Justice served, yes?
Upon appeal, the Supreme Court (in an 8-1 decision) disagreed. They pointed out that it should not have been the original jury’s responsibility to decide a question of law (whether or not WBC’s protests were protected by the First Amendment), but rather that the jury’s responsibility is only to decide a question of fact. They also argued that because the WBC protestors stayed within the cordoned-off area and since only the tops of their protest signs could be seen, that Snyder’s memorial service was therefore not interfered with. Because of this, the Supreme Court ruled in favor of Phelps and damages were instead awarded to the WBC.
My immediate reaction to this ruling was one of disgust… nauseous, bitter disappointment in my country and its court of law for siding with such a hateful person. Did our founding fathers really intend to protect a racist homophobe who shouts at the family of a fallen soldier that God hates them because of their religion? Could such revolting speech really be protected based on technicalities regarding the location of protestors and how visible their signs were? Is that really what the First Amendment is meant for?
And a small voice inside me answered, “Yes.”
Suddenly I saw Michael Douglas standing at a podium as the fictional U.S. President Andrew Shepherd in The American President (directed by Rob Reiner, written by Aaron Sorkin, 1995):
“You want free speech? Let’s see you acknowledge a man whose words make your blood boil, who’s standing center stage and advocating at the top of his lungs that which you would spend a lifetime opposing at the top of yours.”
Damn you, Aaron Sorkin. Fuck you for being right.
That is what the First Amendment is about. I shouldn’t be trying to silence Phelps and his followers, I should be shouting at the top of my lungs to drown them out.
And in a way, that’s what America has been doing. The vast majority of the media has condemned the WBC for being the ridiculous, ignorant, revolting hate group that it is. Both republicans and democrats have used his “church” as the perfect example of how not to behave. Ordinary citizens have counter-protested the WBC, carrying signs with messages of peace and using their bodies to physically shield funeral-attendees from having to see the WBC picket lines. Gay rights activists have enacted the old adage about actions being louder than words and engaged in same-sex make-out sessions in front of appalled WBC protestors.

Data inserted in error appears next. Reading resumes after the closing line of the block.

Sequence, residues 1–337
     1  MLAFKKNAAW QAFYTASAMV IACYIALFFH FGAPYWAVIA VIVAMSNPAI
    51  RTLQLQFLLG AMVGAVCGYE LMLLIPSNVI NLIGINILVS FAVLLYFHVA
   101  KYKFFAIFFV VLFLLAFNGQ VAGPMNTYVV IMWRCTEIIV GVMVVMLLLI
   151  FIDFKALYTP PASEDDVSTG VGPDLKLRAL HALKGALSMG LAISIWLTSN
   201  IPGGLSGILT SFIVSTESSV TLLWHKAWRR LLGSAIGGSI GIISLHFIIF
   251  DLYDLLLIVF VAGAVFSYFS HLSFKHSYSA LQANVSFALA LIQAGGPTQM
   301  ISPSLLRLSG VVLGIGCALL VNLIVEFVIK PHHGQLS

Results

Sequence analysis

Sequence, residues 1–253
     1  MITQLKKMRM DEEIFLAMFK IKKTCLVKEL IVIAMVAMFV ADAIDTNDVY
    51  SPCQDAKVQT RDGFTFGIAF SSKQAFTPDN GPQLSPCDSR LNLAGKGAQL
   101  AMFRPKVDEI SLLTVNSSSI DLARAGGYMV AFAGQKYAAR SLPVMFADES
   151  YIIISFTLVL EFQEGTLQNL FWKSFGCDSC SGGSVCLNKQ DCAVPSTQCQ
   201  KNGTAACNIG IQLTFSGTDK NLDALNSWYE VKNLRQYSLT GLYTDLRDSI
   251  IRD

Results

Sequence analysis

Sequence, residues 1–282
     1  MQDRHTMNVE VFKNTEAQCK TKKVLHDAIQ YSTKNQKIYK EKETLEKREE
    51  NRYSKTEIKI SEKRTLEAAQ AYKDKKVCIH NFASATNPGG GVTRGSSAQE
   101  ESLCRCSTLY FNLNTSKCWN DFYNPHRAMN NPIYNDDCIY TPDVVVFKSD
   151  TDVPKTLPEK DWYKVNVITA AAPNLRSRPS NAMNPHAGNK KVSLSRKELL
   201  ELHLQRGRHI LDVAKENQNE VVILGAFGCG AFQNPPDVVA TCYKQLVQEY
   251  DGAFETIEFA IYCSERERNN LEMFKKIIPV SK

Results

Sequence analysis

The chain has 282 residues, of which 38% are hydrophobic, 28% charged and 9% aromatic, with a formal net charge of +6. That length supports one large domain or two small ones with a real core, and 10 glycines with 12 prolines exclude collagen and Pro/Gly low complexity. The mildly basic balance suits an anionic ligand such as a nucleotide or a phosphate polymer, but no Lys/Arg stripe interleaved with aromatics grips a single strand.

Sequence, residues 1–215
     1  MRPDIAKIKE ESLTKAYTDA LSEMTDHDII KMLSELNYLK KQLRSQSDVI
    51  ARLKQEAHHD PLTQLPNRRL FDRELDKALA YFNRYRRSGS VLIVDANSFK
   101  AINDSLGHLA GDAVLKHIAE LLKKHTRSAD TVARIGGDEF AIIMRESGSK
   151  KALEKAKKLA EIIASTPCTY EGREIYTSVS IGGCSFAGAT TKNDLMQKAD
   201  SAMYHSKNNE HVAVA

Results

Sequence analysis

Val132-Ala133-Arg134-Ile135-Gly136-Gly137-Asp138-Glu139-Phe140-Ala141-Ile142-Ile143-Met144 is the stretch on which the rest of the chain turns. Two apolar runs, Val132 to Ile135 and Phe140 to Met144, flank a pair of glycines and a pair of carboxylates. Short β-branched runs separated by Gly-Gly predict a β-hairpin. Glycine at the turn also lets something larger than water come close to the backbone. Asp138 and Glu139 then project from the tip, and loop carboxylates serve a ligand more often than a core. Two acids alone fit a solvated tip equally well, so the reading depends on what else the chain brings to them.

And those who still aren’t satisfied should exercise their First Amendment rights and petition our government to pass a law prohibiting anyone to protest near/within sight of a funeral or a memorial service so that no one has to suffer through what Snyder’s family endured.
And then we should recognize and respect that same law when Phelps finally dies: Although we’ll gladly send him off to Hell, we won’t harass his family at the funeral about it. Why? Because that’s how laws should work: they should protect everyone, not just the people we like.
The more I think about it, the more I realize that the First Amendment isn’t just about protecting freedom of expression. It serves as a reminder of what our country truly stands for. It forces us to recognize that our country is diverse, and that in itself makes us stronger. It encourages us to engage in true discussion and debate, for without that our country will never achieve its full potential.
Justice Louis D. Brandeis perhaps put it best:
“[Those who won our independence believed] that the greatest menace to freedom is an inert people; that public discussion is a political duty; and that this should be a fundamental principle of the American government… If there be time to expose through discussion the falsehood and fallacies, to avert the evil by the processes of education, the remedy to be applied is more speech, not enforced silence.”
So if you have something to say, go grab a poster board and a Sharpie, get up on that soap box, bring some Ricola throat lozenges, and make yourself heard! Or write a magazine article. That’s what I did.